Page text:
As credible as could be
Treasurer Swan has navigated a return to surplus in the face of heavy head winds. Larger than expected corporate losses accumulated during the global financial crisis and a weaker than expected economy will cut tax receipts this financial year and the next by $16.3 billion more than was anticipated in the November budget update.
The direct cost of rebuilding and assisting the states after the floods will come to $6.6 billion.
To get back into surplus by 2012-13 Mr Swan has slowed spending to a crawl – it will climb by just 0.5 per cent after inflation in 2011-12, fall by 0.1 per cent after inflation in 2012-13 and climb 1.9 per cent in 2013-14.
The average growth rate of 1 per cent per annum contrasts with around 3.7 per cent per year in the decade before the financial crisis.
To do it while expending spending in some high priority areas he has made $22.2 billion of savings cuts over four years.
Cuts to the defence budget and reprioritising of defence spending contribute $2.5 billion; freezing indexation of the thresholds for family payments and family tax benefit supplements brings in $2 billion; the flood levy brings in $1.7 billion, and a temporary increase in the efficiency dividend required of public service departments adds another $1 billion.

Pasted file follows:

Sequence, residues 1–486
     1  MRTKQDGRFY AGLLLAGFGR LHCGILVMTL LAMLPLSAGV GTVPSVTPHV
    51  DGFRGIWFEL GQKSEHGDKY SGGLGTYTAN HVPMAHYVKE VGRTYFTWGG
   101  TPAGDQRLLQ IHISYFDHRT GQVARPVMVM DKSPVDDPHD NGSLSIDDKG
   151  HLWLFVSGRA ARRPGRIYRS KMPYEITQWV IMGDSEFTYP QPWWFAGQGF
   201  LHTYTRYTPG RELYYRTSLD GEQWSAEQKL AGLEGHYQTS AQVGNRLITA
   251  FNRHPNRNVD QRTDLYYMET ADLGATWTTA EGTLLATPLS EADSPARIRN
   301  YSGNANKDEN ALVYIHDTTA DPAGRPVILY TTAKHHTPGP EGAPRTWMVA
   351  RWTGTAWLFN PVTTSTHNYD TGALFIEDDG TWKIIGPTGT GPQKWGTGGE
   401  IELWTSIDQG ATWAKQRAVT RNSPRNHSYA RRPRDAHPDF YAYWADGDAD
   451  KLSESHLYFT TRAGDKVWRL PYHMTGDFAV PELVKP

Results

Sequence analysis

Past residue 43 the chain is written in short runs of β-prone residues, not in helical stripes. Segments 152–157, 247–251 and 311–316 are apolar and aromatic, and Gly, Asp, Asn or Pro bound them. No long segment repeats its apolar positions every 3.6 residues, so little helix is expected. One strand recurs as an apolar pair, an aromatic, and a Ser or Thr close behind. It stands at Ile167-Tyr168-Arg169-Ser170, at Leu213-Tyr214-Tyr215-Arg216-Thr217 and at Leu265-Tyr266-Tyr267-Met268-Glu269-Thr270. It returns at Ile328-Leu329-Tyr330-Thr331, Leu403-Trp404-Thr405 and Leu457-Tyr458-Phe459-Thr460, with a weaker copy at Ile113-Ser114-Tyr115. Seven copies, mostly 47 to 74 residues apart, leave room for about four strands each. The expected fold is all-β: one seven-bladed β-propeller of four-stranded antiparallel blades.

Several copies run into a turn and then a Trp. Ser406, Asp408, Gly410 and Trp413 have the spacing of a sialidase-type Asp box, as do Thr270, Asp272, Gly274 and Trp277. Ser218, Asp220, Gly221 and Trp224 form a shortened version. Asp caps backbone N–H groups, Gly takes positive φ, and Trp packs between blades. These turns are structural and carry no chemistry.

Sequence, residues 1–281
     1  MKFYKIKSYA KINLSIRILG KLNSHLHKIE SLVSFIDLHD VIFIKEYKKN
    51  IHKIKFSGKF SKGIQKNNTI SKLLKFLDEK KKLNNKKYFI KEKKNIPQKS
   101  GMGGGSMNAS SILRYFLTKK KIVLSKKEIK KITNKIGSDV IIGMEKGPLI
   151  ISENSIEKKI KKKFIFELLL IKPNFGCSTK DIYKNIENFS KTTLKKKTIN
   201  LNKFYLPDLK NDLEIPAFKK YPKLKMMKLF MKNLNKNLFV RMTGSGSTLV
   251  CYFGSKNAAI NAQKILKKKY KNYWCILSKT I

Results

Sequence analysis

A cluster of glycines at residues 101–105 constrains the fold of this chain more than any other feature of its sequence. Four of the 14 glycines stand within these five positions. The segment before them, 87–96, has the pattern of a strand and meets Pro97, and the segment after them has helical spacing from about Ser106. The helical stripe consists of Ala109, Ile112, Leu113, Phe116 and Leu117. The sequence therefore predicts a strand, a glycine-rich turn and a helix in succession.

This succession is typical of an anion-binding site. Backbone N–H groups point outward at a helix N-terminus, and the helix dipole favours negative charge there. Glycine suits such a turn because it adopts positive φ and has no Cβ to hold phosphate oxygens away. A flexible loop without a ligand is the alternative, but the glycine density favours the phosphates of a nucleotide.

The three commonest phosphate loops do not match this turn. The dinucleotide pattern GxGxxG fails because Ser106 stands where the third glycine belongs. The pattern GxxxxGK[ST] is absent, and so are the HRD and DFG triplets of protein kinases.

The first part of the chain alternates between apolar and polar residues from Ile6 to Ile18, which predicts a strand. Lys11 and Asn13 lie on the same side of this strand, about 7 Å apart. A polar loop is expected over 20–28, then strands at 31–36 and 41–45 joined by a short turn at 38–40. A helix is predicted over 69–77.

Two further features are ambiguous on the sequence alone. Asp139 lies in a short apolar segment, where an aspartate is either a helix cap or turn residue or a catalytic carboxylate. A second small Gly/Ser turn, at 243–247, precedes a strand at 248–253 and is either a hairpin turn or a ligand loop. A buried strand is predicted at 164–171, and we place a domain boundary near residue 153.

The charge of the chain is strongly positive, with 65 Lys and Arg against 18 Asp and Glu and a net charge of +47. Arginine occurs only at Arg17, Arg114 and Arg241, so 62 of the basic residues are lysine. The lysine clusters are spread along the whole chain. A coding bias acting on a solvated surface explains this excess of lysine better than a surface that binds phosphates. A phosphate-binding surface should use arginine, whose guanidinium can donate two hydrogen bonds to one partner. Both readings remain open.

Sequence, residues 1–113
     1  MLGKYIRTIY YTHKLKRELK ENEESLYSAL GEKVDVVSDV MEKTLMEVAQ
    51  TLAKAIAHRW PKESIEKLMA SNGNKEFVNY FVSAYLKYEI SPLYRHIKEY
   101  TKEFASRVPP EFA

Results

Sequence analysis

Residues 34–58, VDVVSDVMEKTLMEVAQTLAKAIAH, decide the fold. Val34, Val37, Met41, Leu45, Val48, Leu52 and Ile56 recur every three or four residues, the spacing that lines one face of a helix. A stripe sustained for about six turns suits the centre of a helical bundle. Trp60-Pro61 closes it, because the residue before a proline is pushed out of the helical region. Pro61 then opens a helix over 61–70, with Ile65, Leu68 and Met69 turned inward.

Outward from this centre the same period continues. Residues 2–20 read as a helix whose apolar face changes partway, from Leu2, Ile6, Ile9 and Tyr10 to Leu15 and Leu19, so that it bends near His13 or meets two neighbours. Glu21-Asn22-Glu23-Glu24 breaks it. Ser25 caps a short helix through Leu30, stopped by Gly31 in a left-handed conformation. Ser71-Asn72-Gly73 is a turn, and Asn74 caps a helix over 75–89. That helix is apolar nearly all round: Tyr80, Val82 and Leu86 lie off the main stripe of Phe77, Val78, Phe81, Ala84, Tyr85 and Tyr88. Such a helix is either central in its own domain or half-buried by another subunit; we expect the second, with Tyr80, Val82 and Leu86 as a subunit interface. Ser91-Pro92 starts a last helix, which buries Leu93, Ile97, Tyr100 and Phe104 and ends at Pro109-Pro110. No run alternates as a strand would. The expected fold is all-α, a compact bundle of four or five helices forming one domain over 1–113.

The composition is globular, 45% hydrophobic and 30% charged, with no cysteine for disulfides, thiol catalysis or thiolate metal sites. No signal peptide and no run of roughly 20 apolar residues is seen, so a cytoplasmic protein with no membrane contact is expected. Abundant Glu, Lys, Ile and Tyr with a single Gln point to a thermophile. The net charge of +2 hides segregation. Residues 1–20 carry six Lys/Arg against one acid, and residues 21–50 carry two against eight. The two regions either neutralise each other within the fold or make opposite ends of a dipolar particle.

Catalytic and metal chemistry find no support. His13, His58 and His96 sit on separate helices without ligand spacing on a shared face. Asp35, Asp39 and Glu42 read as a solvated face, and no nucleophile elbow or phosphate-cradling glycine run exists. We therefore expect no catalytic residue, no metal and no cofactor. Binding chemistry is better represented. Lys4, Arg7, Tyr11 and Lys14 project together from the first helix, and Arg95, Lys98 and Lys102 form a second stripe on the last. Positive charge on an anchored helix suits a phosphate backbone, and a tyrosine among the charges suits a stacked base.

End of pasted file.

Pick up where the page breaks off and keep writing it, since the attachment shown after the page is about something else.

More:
Equally important as a driver of the return to surplus will be what Mr Swan will not do.... Whereas during the previous mining boom the Coalition and later Mr Swan made personal tax cuts an annual event, from here on he won’t cut personal tax at all.
As the economy recovers, growing 4 per cent in 2011-12 and 3.75 per cent in 2012-13 and as tax losses are used up corporate tax revenue should increase quickly, all the more so as the minerals resource rent tax ramps up.
Wage growth of 4 per cent per annum climbing to 4.25 per cent in 2012-13 will push more and more workers into higher tax brackets.
Bracket creep will become the Treasurer’s semi-secret weapon.
His decision to freeze until July 2014 the upper income limits for families claiming family payments will make sure bracket creep bites.
By co-incidence - despite the floods, cyclone and earthquakes that have got in the way - the surplus he is projecting for 2012-13 will be exactly the same as the $3.5 billion he took with him to the 2010 election.
The government will become debt-free just a few months after it was scheduled to in 2019-20.
It’ll be the fastest budget turnaround in 44 years of records, from a deficit of $49 billion in 2010-11 to a surplus of $3.5 billion in just three years.
As with any forecast it is far from guaranteed. The world economy could turn down and mining revenue slip. Conversely the mining investment boom could continue longer allowing mining companies to write off expenses against their profits for longer. Or wages mightn’t grow by as much as the government needs in order to rake in the proceeds of bracket creep.
But given the Treasury’s central forecasts the surplus looks achievable. If profits and wages grow even faster than forecast it will be even bigger.
Published in today's SMH and Age
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